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Clin Infect Dis. 2018 Oct 30;67(10):1543-1549. doi: 10.1093/cid/ciy319.

Comparison of the Cumulative Efficacy and Safety of Chloroquine, Artesunate, and Chloroquine-Primaquine in Plasmodium vivax Malaria.

Author information

1
Department of Medicine, Shoklo Malaria Research Unit, Mahidol-Oxford Tropical Medicine Research Unit, Faculty of Tropical Medicine, Mahidol University, Mae Sot, Thailand.
2
Centre for Tropical Medicine and Global Health, Nuffield Department of Medicine, University of Oxford, United Kingdom.
3
Department of Haematology, Shoklo Malaria Research Unit, Mahidol-Oxford Tropical Medicine Research Unit, Faculty of Tropical Medicine, Mahidol University, Mae Sot.
4
Clinical Therapeutics Unit, Mahidol-Oxford Tropical Medicine Research Unit, Faculty of Tropical Medicine, Mahidol University, Bangkok, Thailand.
5
Department of Statistics, Macfarlane Burnet Institute for Medical Research and Public Health.
6
Centre for Epidemiology and Biostatistics, Melbourne School of Population and Global Health, University of Melbourne, Victoria, Australia.
7
Department of Data Management, Shoklo Malaria Research Unit, Mahidol-Oxford Tropical Medicine Research Unit, Faculty of Tropical Medicine, Mahidol University, Mae Sot.
8
Department of Microscopy, Shoklo Malaria Research Unit, Mahidol-Oxford Tropical Medicine Research Unit, Faculty of Tropical Medicine, Mahidol University, Mae Sot.
9
Malaria Laboratory, Shoklo Malaria Research Unit, Mahidol-Oxford Tropical Medicine Research Unit, Faculty of Tropical Medicine, Mahidol University, Mae Sot.
10
Department of Clinical Pharmacology, Mahidol-Oxford Tropical Medicine Research Unit.
11
Department of Bioethics and Engagement, Mahidol-Oxford Tropical Medicine Research Unit.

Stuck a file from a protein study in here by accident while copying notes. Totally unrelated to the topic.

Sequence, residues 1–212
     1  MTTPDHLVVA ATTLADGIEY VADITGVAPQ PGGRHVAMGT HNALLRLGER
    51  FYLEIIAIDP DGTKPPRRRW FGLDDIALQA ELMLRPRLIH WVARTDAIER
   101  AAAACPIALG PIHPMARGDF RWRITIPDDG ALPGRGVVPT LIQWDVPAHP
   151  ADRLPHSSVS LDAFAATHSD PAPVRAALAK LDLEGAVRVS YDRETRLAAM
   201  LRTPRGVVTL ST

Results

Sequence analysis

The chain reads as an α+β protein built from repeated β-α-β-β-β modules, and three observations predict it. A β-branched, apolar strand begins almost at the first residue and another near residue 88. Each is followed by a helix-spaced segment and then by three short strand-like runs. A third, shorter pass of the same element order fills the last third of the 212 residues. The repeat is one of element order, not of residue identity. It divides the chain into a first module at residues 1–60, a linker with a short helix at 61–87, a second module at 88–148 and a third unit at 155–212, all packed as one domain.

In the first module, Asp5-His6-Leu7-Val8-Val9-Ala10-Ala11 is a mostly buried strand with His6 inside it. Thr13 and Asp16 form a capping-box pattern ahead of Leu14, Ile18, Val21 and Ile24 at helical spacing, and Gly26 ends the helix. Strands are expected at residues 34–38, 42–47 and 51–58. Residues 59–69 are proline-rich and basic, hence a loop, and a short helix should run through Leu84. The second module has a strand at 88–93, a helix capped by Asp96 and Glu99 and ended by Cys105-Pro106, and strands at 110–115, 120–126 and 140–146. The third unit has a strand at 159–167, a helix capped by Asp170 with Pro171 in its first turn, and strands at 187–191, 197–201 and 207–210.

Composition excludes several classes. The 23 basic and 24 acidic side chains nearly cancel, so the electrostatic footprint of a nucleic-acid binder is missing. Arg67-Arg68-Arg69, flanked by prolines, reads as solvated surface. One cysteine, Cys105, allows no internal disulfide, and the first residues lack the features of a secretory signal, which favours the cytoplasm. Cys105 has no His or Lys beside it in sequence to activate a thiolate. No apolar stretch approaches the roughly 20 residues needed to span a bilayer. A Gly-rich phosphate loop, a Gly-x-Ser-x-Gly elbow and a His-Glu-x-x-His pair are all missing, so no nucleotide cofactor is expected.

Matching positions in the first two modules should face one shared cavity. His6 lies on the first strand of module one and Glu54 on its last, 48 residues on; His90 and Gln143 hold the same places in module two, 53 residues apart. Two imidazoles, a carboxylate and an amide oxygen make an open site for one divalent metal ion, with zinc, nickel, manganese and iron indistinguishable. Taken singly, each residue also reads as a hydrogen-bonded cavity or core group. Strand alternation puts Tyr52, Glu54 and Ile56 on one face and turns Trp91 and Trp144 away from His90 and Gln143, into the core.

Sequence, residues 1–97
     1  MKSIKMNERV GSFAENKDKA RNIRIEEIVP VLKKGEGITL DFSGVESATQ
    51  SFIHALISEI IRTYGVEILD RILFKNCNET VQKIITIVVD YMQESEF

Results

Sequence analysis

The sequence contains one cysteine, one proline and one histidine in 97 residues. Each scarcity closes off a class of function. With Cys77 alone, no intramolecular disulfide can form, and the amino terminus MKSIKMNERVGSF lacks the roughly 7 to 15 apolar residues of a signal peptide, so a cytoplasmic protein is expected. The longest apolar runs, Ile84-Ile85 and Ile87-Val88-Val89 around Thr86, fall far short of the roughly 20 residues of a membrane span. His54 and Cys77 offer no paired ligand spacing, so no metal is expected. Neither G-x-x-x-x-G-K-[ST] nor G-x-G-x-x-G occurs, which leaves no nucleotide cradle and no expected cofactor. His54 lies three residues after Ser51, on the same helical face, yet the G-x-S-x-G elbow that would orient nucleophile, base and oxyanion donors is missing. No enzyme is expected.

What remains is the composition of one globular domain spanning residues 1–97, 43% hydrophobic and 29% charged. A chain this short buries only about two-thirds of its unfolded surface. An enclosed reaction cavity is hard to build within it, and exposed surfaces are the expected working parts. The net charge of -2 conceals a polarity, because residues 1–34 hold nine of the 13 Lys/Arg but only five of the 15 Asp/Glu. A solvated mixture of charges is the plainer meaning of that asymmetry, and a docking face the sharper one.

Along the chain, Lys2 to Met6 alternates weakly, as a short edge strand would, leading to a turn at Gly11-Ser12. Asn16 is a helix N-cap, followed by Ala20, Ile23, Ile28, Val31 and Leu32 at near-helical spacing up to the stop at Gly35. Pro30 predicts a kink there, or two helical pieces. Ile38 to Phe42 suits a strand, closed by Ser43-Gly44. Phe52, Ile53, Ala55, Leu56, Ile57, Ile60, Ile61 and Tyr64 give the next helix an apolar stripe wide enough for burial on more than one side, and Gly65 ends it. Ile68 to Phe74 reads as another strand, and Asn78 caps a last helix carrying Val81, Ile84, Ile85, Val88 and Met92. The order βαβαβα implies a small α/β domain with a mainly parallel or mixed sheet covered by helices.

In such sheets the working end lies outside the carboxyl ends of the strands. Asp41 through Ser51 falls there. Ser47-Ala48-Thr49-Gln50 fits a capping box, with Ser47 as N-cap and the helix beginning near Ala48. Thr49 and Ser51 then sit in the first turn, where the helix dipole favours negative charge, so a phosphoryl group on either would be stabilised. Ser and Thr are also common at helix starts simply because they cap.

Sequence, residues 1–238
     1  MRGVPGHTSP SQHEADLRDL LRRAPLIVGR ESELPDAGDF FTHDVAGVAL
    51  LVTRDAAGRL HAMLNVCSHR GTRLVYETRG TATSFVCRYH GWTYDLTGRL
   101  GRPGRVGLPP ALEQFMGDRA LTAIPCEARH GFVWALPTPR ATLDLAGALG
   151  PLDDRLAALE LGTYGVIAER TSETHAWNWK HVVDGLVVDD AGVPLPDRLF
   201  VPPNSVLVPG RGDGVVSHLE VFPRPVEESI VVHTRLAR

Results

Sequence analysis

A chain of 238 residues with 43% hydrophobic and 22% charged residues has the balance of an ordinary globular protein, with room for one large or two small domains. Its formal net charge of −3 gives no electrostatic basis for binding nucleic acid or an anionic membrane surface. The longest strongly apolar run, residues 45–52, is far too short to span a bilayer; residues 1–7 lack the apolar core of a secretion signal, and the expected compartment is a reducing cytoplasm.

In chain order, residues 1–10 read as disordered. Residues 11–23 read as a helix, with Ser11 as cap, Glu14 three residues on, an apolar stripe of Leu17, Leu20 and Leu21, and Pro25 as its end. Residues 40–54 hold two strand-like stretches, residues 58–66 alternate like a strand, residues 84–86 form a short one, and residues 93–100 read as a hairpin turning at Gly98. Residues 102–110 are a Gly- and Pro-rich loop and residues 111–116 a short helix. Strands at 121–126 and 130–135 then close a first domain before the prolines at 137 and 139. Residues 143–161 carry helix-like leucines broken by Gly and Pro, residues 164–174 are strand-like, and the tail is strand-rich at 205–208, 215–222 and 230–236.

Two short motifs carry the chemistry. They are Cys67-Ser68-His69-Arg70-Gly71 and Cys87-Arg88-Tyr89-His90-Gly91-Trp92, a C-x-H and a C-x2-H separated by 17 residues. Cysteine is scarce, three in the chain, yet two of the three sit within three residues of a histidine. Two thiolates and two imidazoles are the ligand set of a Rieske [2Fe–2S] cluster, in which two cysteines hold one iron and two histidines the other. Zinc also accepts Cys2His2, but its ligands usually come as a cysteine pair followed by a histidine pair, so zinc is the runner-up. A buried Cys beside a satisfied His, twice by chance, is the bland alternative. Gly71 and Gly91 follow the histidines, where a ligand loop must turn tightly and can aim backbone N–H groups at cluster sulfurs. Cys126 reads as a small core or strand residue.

12
Department of Molecular Tropical Medicine and Genetics, Faculty of Tropical Medicine, Mahidol University, Bangkok, Thailand.

Abstract

Background:

Chloroquine has been recommended for Plasmodium vivax infections for >60 years, but resistance is increasing. To guide future therapies, the cumulative benefits of using slowly eliminated (chloroquine) vs rapidly eliminated (artesunate) antimalarials, and the risks and benefits of adding radical cure (primaquine) were assessed in a 3-way randomized comparison conducted on the Thailand-Myanmar border.

Methods:

Patients with uncomplicated P. vivax malaria were given artesunate (2 mg/kg/day for 5 days), chloroquine (25 mg base/kg over 3 days), or chloroquine-primaquine (0.5 mg/kg/day for 14 days) and were followed for 1 year. Recurrence rates and their effects on anemia were compared.

Results:

Between May 2010 and October 2012, 644 patients were enrolled. Artesunate cleared parasitemia significantly faster than chloroquine. Day 28 recurrence rates were 50% with artesunate (112/224), 8% with chloroquine (18/222; P < .001), and 0.5% with chloroquine-primaquine (1/198; P < .001). Median times to first recurrence were 28 days (interquartile range [IQR], 21-42) with artesunate, 49 days (IQR, 35-74) with chloroquine, and 195 days (IQR, 82-281) with chloroquine-primaquine. Recurrence by day 28, was associated with a mean absolute reduction in hematocrit of 1% (95% confidence interval [CI], .3%-2.0%; P = .009). Primaquine radical cure reduced the total recurrences by 92.4%. One-year recurrence rates were 4.51 (95% CI, 4.19-4.85) per person-year with artesunate, 3.45 (95% CI, 3.18-3.75) with chloroquine (P = .002), and 0.26 (95% CI, .19-.36) with chloroquine-primaquine (P < .001).

Conclusions:

Vivax malaria relapses are predominantly delayed by chloroquine but prevented by primaquine.

Clinical Trials Registration:

NCT01074905.

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